Another thing this writer has discovered is that, although the three writers spoke of the very same events, they did not seem to have agreed on the order of events here. In Mark 2, the evangelist begins by showing us that Jesus was gathered in a house and it had been noised that he was around. Mark does not disclose whose house it was but places some emphasis on the miracle of the healing of the man with the palsy (Mark 2:1-11). However, Matthew first alludes that Jesus returned to his own city (Matthew 9:1), so the house may probably have belong someone near, a relative or a disciple since Christ himself claimed that he had no house (Matthew 8:21).

In both Matthew and Luke, the healing of the paralytic man precedes the calling of Matthew (Matthew 9:9). Luke and Mark on the other hand, prefers the name Levi (Luke 5:29). Skeptics can see these as two differing people, but a study of the Gospels shows that Matthew was also called Levi, the son of Alphaeus (Mark 2:14). The occupation of Matthew as a publican and a tax collector is clearly narrated which implies that he might have been called Matthew but a Levite from the tribe of Levi or may have been given the name of one of Israel’s ancestors.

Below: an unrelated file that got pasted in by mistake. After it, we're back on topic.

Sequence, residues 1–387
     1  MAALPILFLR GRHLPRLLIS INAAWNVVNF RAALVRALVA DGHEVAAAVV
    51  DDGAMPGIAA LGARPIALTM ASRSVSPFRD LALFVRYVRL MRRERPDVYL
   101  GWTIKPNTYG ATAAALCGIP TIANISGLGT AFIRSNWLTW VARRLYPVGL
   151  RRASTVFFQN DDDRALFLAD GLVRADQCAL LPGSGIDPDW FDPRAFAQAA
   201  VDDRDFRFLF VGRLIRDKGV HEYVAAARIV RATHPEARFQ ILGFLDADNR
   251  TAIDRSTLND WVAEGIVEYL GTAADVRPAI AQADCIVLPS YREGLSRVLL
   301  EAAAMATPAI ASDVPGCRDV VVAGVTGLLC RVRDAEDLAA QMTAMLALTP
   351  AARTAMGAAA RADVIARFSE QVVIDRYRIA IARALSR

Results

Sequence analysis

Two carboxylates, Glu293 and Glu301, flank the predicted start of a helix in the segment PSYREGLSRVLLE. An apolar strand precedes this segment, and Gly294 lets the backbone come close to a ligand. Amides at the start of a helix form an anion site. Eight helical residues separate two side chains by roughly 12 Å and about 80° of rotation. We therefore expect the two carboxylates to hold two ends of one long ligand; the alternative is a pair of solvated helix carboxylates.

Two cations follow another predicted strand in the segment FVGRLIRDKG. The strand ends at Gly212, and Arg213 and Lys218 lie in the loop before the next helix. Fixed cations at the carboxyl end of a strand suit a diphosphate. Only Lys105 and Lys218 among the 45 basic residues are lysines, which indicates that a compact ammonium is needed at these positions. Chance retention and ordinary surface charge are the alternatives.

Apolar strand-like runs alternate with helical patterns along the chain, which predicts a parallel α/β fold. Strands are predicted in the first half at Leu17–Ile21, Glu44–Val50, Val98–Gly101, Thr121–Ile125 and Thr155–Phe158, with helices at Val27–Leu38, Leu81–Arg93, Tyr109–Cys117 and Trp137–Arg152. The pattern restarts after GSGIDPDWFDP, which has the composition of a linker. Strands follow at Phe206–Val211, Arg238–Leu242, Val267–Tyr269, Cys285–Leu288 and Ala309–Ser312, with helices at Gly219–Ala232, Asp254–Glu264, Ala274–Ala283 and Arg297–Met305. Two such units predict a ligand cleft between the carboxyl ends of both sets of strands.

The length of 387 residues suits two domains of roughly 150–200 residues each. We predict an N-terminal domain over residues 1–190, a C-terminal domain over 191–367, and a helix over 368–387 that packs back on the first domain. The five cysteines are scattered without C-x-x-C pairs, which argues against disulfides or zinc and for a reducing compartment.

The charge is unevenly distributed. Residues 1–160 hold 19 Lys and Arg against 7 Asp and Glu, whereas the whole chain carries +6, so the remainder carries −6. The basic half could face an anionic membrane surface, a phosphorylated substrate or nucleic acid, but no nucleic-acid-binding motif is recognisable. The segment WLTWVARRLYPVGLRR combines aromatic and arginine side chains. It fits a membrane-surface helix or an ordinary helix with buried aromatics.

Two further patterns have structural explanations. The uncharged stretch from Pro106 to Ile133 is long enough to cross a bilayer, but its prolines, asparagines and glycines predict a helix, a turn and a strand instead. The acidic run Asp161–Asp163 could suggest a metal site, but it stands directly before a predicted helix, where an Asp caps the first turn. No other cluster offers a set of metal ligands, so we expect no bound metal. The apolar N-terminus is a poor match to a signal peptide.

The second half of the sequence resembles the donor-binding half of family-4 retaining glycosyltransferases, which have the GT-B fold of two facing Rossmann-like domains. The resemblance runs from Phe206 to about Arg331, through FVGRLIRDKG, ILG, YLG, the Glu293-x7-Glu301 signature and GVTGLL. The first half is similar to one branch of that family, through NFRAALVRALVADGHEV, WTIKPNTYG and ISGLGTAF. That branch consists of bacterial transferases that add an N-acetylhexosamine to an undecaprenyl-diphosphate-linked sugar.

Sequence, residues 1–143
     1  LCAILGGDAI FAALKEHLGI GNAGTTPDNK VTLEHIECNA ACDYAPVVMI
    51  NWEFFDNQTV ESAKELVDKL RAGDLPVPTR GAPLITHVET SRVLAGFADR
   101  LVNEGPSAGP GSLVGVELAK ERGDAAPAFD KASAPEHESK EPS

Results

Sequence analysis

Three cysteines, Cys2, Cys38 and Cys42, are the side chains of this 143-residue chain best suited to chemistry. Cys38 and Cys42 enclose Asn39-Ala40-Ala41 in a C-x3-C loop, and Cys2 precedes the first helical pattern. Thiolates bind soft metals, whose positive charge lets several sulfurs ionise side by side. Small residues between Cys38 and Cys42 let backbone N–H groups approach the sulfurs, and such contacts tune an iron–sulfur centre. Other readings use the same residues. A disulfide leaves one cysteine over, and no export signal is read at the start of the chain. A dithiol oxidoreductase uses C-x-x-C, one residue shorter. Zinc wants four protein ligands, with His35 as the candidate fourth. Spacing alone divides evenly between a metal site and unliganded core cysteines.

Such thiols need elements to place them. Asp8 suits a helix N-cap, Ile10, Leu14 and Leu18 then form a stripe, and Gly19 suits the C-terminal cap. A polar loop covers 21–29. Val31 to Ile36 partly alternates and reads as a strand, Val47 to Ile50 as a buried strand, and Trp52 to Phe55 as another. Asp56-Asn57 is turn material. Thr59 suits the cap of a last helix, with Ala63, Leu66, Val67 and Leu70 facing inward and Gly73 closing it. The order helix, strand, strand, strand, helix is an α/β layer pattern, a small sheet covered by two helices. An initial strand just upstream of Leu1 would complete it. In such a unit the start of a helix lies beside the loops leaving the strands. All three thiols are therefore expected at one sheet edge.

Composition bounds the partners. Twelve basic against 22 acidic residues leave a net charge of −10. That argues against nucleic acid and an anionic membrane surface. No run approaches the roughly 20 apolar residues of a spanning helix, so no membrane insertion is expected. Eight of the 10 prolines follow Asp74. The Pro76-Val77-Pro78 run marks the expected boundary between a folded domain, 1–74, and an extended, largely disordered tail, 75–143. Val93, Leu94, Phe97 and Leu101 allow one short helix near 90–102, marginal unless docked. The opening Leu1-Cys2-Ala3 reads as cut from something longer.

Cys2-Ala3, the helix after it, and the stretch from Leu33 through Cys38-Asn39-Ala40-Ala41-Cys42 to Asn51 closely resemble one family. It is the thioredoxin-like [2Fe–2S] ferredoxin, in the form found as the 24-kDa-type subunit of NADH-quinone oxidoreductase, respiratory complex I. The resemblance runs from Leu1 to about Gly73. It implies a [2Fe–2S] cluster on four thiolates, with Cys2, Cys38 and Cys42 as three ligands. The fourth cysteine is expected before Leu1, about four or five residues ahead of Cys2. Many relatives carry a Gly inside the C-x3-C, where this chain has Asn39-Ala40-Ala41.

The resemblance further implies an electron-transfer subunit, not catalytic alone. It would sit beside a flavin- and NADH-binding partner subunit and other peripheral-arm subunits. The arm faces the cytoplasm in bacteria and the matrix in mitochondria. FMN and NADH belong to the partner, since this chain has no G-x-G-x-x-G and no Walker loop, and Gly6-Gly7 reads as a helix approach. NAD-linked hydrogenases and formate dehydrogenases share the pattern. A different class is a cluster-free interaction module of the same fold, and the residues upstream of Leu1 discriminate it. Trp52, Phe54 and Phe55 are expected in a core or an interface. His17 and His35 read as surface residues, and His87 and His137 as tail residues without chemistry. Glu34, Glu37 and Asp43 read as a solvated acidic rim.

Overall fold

Unlike the other two author’s, Matthew has some unique material of his own found in 8:5-31. Luke mentioned two specific healings, that of the leper and the paralytic man. Mark 1:23-28 speaks of the healing of the man possessed with a devil, followed by Peter’s mother-in-law healing and the many sick folk before introducing the healing of the leper into his narrative. In this Galilean ministry, two distinct episodes of exorcisms occurred, one in the synagogue at Capernaum involving one demon (Mark 1:23-28). However, Matthew chose to include the deliverance of two men from Gergesenes whose demons were sent into the swine (Matthew 8:28-34).